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The WW2 Podcast
47 minutes | Jul 15, 2021
146 - Stop Lines
In Britain, after the fall of France, there was the fear that the Germans may attempt a channel crossing and invade in 1940. If the Wehrmacht got shore in the south of England, facing them would have been a series of ‘Stop Lines’. These were defensives which comprised a series of pillboxes and anti-tank obstacles. They hoped these static defences would hold up any German advance long enough for the British to bring forward a mobile reserve. During WWII this network of fortifications was spread across the country. Protecting Britain from an invasion in Devon and Cornwall was the Taunton Stop line in the South West of the country. To tell me all about Stop Lines is Andrew Powell-Thomas. Andrew is a military historian specialising in the military history of the West Country. He is also the author of The West Country’s Last Line of Defence: Taunton Stop Line. Patron: https://www.patreon.com/ww2podcast Facebook: https://www.facebook.com/ww2podcast Website: https://ww2podcast.com
55 minutes | Jul 1, 2021
145 - Bomb Aimers
On the heavy bombers the role of the crew members was symbiotic. The pilot needed the flight engineer to fly; the navigator got the plane to the target, and it was the bomb aimer that delivered the ordinance. Wartime films give the impression of the bomb aimer's job being simply to look through the bombsight and press the button to release the bombs at the right time. In actual fact, their job is much more sophisticated. They aided the navigator, took readings to be dialled into their computer connected bomb sight, and often they might also be expected to man a machine gun in the plane's nose. In this episode I’m joined by Colin Pateman. If you recall in episode 76 I talked to Colin about Flight Engineers. Well, he’s been busy since then and has just completed a new book Aiming for Accuracy which focuses on bomb aimers in the RAF. Patreon: https://www.patreon.com/ww2podcast Facebook: https://www.facebook.com/ww2podcast Website: https://ww2podcast.com This episode is brought to you by Tactical Tea, for your supplies use promo code WW2PODCAST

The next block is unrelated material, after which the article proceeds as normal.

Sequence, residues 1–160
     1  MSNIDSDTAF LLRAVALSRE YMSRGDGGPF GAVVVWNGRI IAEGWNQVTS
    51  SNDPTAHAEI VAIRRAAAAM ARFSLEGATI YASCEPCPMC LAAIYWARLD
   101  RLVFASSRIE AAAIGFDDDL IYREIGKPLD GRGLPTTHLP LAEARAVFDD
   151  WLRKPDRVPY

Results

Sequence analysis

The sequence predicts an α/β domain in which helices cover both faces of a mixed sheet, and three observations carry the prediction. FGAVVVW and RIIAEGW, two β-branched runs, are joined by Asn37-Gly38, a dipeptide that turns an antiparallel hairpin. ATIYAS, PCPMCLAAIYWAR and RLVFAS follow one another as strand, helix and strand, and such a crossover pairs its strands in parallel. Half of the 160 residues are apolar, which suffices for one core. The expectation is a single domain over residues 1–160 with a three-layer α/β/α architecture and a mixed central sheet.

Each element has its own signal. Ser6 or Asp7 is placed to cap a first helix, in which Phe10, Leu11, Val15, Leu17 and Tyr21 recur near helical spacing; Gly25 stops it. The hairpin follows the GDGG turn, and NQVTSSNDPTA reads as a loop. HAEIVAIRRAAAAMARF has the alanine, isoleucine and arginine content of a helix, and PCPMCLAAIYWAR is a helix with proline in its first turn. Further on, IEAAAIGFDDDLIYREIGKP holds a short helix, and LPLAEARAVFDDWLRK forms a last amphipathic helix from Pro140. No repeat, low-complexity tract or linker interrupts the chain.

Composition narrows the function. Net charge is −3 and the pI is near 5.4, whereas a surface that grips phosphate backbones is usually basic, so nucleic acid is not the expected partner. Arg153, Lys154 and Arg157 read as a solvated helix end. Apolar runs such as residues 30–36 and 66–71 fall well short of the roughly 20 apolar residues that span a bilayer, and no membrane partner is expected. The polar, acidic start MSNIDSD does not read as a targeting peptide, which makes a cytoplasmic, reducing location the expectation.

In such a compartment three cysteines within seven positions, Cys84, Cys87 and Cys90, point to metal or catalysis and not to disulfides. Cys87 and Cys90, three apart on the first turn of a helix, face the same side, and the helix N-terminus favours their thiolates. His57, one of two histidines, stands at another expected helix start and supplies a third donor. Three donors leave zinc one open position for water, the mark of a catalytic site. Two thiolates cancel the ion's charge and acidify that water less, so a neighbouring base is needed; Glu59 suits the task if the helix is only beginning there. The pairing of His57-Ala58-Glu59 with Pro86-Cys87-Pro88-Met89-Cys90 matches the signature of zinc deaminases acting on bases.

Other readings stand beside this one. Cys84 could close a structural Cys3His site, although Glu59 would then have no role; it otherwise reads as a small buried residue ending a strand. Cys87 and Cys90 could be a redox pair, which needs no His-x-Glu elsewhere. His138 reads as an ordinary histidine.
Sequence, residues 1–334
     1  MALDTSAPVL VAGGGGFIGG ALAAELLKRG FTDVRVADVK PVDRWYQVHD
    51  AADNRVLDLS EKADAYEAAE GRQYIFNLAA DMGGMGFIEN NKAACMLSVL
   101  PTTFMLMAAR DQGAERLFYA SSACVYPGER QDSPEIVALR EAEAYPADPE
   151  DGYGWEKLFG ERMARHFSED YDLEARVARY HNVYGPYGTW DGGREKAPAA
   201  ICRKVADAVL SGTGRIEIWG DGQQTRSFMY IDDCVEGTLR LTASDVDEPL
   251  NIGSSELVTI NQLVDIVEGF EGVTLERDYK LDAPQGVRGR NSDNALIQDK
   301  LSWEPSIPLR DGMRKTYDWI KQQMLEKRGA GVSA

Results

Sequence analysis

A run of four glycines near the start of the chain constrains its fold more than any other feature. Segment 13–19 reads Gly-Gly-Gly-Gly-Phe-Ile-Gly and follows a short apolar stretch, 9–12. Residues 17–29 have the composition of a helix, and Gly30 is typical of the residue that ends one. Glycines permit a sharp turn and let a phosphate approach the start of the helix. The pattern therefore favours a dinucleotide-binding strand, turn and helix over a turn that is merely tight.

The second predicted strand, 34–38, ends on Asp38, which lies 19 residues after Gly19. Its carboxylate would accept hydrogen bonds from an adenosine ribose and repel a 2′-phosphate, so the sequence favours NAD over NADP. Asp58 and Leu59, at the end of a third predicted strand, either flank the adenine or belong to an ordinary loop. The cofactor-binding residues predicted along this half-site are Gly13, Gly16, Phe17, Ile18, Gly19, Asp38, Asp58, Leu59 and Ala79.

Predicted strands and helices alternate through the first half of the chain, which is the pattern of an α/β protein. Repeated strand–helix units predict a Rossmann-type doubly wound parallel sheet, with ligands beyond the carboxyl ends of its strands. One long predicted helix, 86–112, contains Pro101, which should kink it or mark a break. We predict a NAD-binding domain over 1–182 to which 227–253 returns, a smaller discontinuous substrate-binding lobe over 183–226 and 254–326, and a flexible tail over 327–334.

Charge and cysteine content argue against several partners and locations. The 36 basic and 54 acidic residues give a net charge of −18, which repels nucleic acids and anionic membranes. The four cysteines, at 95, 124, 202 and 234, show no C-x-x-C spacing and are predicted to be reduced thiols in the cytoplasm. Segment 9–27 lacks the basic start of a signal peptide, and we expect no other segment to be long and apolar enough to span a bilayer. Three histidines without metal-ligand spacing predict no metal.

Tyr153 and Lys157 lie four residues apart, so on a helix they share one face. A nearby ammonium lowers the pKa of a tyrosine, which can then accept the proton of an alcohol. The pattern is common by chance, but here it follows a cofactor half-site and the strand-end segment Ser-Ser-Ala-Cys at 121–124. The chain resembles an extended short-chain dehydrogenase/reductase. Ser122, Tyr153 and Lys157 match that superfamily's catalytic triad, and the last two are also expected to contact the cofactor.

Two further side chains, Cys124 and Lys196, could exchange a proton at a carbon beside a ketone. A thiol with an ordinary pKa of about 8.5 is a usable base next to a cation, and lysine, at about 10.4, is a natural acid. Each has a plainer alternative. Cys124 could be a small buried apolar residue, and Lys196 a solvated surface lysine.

53 minutes | Jun 15, 2021
144 - Alan Brooke: Churchill's Right-Hand Critic
Alan Brooke would take over as the British Chief of the Imperial General Staff in December 1941. For the rest of the war Brooke would organise and coordinate the British military effort, in such a role acted as Winston Churchill’s senior military advisor. Brooke’s relationship with Churchill could be tempestuous. Brooke was not a ‘yes man’ and would stand up to Churchill. The two might argue, but Churchill never fired him and appreciated his candour. History now often overlooks the contribution Brooke made to the war, in favour of commanders who were happy to seize the limelight. He is very much the forgotten Field Marshal. Joining me is Andrew Sangster. Andrew is the author of Alan Brooke: Churchill's Right-Hand Critic: A Reappraisal of Lord Alanbrooke. This is a new appraisal and biography of Brooke. This episode is brought to you by Tactical Tea, for your supplies use promo code WW2PODCAST Become a patron of the podcast at: https://www.patreon.com/ww2podcast
33 minutes | Jun 1, 2021
143 - The Battle for Madagascar